Young People Lured on Social Media to Participate in Huge Counterfeit Check Scheme: Officials

Manhattan District Attorney Cy Vance said the type of scheme is known as "debit card cracking," and it's becoming increasingly common

debit card cracking
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More than three dozen people have been arrested for allegedly luring young people on social media to join a "debit card cracking" scam that netted more than $1 million in cash over four years, authorities say. 

The 39 defendants, who range in age from 19 to 32 and all live in New York, mostly in the city, face varying felony charges including enterprise corruption, grand larceny, conspiracy and scheme to defraud. 

According to court documents, two of the suspects worked for a check-cashing company on Staten Island. They allegedly stole legitimate account information and routing numbers that other members of the group used to create the fake checks. 

Those counterfeit checks were then deposited into bank accounts provided by "complicit account holders," primarily young people recruited on Facebook, Twitter, Instagram and Snapchat. Those young people were offered money in exchange for their names, birth dates, addresses, Social Security numbers and other information, including the PINS to their personal bank accounts. At least seven banks were involved. 

"The alleged fraud was clever, luring participants in via Snapchat and Instagram. Fortunately, the defendants were not beyond the reach of the NYPD detectives who unraveled this scheme," NYPD Commissioner James O'Neill said in a statement. 

Manhattan District Attorney Cy Vance said young social media users should be wary of similar schemes. 

"Kids on social media who see posts like these -- staged in hot tubs, sports cars, or among piles of cash -- should know that debit card cracking is illegal, and is on law enforcement’s radar," Vance said in a statement. "You will not get to keep the money, and you could end up in jail."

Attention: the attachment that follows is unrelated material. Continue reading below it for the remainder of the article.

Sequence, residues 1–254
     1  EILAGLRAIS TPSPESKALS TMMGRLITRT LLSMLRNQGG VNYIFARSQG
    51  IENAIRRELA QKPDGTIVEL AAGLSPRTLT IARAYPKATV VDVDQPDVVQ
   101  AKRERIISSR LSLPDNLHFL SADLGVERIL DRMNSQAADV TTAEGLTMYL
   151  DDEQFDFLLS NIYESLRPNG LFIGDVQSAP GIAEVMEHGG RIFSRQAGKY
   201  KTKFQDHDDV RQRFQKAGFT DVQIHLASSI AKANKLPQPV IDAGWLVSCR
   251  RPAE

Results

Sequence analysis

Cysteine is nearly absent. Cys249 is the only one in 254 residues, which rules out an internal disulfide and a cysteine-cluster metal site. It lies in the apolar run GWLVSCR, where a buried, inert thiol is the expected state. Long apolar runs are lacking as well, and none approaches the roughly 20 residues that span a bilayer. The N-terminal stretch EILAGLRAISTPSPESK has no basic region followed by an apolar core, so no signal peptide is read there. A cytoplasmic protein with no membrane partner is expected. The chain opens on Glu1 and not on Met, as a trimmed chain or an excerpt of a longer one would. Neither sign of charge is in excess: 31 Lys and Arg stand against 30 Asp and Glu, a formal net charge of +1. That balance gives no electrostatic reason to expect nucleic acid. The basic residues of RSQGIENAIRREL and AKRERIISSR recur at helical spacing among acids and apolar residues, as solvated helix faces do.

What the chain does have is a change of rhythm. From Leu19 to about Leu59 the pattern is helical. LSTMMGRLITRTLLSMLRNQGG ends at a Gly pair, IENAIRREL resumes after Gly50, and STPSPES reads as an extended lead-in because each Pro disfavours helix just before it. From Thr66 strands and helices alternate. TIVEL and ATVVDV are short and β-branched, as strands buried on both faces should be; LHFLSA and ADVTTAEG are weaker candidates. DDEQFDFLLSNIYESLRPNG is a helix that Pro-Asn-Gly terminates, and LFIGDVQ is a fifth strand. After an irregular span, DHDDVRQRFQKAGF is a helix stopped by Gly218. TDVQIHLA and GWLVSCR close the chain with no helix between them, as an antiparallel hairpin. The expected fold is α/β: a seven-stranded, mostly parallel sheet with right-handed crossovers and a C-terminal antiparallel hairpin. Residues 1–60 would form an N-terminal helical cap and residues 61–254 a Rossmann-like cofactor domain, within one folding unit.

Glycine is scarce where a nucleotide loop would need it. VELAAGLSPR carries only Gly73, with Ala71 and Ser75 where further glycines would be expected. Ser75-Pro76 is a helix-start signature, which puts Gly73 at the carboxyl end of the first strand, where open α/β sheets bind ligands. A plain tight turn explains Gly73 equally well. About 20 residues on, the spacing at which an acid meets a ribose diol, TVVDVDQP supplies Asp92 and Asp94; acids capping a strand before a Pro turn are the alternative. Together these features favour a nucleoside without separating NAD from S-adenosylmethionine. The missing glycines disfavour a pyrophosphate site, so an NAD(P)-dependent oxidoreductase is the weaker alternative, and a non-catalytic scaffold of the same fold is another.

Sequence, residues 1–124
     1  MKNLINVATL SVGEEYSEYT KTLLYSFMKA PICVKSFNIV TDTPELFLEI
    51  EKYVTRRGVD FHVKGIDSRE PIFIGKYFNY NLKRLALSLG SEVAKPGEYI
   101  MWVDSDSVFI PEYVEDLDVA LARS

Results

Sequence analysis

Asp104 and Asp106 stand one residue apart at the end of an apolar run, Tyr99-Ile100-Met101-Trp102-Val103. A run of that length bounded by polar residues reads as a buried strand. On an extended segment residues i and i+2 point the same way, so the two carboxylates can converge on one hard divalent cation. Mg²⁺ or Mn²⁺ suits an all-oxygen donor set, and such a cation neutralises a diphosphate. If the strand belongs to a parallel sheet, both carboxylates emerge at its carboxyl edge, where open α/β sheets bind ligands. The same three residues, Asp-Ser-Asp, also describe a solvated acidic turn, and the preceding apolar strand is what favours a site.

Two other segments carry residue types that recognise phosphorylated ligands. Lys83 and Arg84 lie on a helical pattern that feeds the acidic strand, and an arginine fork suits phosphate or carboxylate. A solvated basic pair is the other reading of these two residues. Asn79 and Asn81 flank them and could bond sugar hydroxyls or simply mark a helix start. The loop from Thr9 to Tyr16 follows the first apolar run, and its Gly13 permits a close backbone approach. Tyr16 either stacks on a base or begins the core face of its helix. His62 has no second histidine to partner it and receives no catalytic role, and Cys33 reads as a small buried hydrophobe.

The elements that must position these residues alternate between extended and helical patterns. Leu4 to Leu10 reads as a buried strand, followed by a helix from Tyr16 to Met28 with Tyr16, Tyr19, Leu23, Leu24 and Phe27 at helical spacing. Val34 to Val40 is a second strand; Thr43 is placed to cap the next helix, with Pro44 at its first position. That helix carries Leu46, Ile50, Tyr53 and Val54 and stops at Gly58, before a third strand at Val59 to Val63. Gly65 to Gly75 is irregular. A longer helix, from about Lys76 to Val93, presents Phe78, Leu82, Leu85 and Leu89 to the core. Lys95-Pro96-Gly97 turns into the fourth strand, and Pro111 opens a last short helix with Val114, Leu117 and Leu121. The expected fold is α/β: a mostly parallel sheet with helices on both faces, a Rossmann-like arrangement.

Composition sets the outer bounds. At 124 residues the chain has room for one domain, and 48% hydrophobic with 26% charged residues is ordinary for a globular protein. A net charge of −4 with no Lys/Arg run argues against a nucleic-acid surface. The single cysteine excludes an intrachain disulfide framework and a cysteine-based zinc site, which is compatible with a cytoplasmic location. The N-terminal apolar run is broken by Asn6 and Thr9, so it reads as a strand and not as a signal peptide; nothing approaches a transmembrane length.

Ten or so of the defendants, referred to in court papers as "runners," would use the information the "recruits" provided to withdraw funds from their accounts as soon as the counterfeit monies were available, authorities say. One 26-year-old suspect allegedly acted as an enforcer, retaliating against members of the group who didn't play ball. 

According to the indictments, the enforcer coordinated and carried out the robbery of at least one individual who was thought to be withholding money. In total, prosecutors say the suspects deposited more than $2.5 million in counterfeit checks and withdrew more than $1 million from the associated accounts. Officials say they used more than 650 bank accounts over the course of the scam, which lasted from January 2013 through last month. 

Two of the suspects worked for a check-cashing company on Staten Island. They allegedly stole legitimate account information and routing numbers that other members of the group used to create the fake checks. 

The indictments are the result of a joint investigation by the Manhattan district attorney’s Cybercrime and Identity Theft Bureau and the NYPD. 

The Manhattan District Attorney’s Office’s Asset Forfeiture Unit has also filed civil papers against the indicted defendants seeking the forfeiture of $1,029,863.88 in illegal proceeds gained through the alleged scheme.

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